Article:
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Cubs Wed Jun 20 2012
The Kane County Cougars hosted the Midwest League (Single-A) All-Star Game last night with four minor leaguers for the Cubs invited, while only three played because of an injury to catcher Rafael Lopez. I was lucky enough to attend the festivities, and was able to get a small look at each guy.
Before getting to the scouting reports - it's important to note that an All-Star game, while fun to attend because of the bulk of prospects on hand, is a difficult environment to judge a player because it's not a real game, pitchers are only throwing an inning at most, and hitters are trying to muster some good cuts in an at-bat or two.
The three Peoria Chiefs players (the Cubs Single-A affiliate) aren't among the top twenty prospects in the organization, but that doesn't mean they won't see the majors at some point in the future. A mechanical change here, a positional change there, and these guys come out of nowhere all the time.
That being said however, each player has quite a ways to go before stepping onto to the field at Wrigley.
Paul Hoilman (1B) - The starter at first base for the Western Division, Hoilman plays first because of his mass (6'4", 230) and not because of his glove-work. Though he didn't get any ground balls, he wasn't able to scoop the only non-perfect throw after a great stab up-the-middle by shortstop Sean Jamieson followed by a throw that appeared to be a relatively easy short-hop.
At the dish, Hoilman is your typical 'Three True Outcomes' righty. He leads the league in strikeouts with 89 in just 269 plate appearances and his long swing is the obvious reason why. He saw just four total pitches in his two at-bats, resulting in a pop out and double play. At 23-years-old, he's the least likely out of the three to get to the majors because his massive strikeout rate (ask Brett Jackson about that) and lack of position not named designated hitter.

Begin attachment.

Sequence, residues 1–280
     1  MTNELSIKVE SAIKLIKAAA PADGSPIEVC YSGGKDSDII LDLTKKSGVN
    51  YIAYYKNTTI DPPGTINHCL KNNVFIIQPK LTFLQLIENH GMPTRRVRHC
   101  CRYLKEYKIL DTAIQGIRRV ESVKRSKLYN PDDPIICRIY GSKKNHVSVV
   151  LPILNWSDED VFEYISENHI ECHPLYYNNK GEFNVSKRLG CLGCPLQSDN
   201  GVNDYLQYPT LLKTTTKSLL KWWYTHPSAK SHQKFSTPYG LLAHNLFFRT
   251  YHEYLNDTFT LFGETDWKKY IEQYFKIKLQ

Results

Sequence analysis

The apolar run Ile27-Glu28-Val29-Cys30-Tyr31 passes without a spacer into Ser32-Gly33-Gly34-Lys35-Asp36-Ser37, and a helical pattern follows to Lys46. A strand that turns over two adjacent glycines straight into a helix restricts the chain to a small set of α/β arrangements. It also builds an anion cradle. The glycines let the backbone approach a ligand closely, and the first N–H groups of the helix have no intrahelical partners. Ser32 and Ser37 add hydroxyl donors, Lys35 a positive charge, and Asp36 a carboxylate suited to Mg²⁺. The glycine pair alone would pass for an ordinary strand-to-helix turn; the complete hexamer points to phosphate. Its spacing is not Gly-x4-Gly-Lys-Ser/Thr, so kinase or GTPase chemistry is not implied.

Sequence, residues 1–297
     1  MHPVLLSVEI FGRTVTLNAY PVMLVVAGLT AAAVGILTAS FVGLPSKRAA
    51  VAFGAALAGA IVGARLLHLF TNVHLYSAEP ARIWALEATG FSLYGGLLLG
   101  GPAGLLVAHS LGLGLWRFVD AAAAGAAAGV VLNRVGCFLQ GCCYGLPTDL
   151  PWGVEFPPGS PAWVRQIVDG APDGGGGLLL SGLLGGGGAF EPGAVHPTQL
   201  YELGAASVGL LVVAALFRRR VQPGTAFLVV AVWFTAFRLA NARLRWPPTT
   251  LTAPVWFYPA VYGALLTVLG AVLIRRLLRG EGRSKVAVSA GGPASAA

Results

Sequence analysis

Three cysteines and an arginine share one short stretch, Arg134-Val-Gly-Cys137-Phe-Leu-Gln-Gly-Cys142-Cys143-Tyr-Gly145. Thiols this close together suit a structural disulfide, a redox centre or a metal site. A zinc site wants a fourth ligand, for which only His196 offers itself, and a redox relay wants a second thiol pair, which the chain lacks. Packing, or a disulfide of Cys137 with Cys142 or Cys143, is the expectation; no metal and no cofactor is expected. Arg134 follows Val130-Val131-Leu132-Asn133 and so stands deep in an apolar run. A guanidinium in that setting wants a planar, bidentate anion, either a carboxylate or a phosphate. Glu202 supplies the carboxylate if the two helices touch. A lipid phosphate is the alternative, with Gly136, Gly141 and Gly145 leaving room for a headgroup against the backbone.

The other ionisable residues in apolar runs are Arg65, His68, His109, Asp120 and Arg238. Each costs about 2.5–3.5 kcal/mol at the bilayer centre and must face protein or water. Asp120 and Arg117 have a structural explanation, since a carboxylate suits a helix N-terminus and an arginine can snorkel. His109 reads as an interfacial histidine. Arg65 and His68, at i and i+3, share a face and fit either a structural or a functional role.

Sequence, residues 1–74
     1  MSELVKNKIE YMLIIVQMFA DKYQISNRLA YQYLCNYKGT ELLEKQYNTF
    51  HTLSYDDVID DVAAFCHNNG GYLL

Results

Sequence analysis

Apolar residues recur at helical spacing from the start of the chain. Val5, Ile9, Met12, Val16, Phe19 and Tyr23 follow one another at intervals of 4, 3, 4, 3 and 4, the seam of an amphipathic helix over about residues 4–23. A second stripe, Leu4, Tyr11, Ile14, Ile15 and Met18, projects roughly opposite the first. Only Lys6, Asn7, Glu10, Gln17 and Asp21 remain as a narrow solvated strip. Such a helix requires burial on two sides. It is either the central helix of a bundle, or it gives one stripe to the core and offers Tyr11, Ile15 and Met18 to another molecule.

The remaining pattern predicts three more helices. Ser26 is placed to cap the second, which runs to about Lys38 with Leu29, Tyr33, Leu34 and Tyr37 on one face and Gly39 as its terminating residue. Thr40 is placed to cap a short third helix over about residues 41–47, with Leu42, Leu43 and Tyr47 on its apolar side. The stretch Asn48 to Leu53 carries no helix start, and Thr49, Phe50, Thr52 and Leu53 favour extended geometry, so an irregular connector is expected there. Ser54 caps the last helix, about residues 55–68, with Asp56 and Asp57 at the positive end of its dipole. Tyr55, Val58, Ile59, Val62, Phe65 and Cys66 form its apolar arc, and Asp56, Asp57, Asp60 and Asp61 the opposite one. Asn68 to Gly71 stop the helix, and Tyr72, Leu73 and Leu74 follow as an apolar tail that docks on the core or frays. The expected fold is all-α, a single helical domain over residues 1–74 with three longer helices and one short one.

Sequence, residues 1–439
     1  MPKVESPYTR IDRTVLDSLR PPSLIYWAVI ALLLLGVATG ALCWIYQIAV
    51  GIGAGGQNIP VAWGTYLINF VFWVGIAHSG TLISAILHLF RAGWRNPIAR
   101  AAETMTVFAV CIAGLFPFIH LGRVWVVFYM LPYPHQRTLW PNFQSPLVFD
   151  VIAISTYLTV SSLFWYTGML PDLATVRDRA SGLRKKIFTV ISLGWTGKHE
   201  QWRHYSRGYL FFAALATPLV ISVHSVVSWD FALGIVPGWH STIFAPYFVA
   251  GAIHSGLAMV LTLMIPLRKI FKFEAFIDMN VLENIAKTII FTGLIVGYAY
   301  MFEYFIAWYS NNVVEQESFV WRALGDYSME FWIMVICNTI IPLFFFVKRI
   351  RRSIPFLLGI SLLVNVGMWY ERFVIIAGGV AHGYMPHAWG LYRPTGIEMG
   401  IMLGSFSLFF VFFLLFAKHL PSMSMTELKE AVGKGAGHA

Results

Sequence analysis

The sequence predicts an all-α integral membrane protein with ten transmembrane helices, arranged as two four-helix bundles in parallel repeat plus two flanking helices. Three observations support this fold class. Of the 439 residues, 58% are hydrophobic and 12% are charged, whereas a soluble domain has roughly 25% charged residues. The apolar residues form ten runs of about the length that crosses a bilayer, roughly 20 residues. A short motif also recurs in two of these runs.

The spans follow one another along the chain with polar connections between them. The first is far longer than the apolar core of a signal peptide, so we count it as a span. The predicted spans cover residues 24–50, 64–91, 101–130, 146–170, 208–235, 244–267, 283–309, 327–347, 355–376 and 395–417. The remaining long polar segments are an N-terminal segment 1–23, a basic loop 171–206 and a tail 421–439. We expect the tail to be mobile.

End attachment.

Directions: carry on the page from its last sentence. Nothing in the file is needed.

Zeke DeVoss (2B) - DeVoss came off the bench mid-game (an 18-2 drubbing won by the East I might add) and actually played right field, which is something he's capable of, but would never profile at in higher levels of the minors. He's a third round pick from the Cubs 2011 draft and actually fits the profile of a Theo Epstein draftee (the Red Sox drafted him in 2009, but he didn't sign). He's known for being a patient hitter (.372 OBP and 38 walks in the first half), but didn't get a chance to show off those skills in his only AB. He gave a fastball a ride to right field (he's a lefty), but it was slightly into a wind carrying balls out to left.
I wish we would've gotten the chance to see him play second, but in seeing his arm (not very strong) and speed (relatively fast) in the outfield, you can imagine he can hold his own at the easier position up-the-middle. At just 21-year-old, he'll probably make a 40-man roster at some point in his career, and a job as an everyday major leaguer isn't out of the question either.
Kyler Burke (LHP) - Burke was by far the most intriguing prospect of the three Chicago farmhands on display. He was drafted as an outfielder by the Padres in the supplemental round of the 2006 draft. After being dealt to the Cubs in the Michael Barrett trade, he failed to make an impact with his bat while toiling in the low minors. The Cubs decided to try him on the mound, and the results have paid dividends.
He's 24, which is pretty old for the Midwest League, but after pitching well in Low-A last season (2.86 ERA), he's continued his success on the mound with an invite to the All-Star game. Unfortunately, the lefty's performance wasn't up to his season's standard.
In just two-thirds of an inning (split over the first and second frames), Burke allowed five runs on three hits and three walks, and also let a pair of inherited runners touch home while qualifying as the worst performer of the night. His fastball didn't reach 90 on the gun, and his control was all over the suburbs in large part because his right foot lands well wide of the first base side of the rubber, making it incredibly difficult to locate pitches on the glove side of the plate.
The other Peoria player that would've made the All-Star team had he been playing there all year is 2011 first rounder Javier Baez, who's tearing up the league in his first 18 games with .317/.419/.556 line. Baez is playing shortstop, but he won't stay there long term, more than likely moving either to third (high probability) or an outfield corner (right field possibly) because he won't have the range as he grows into his body type. If there's a player to watch on the Single-A club for the rest of 2011, it's clearly Baez.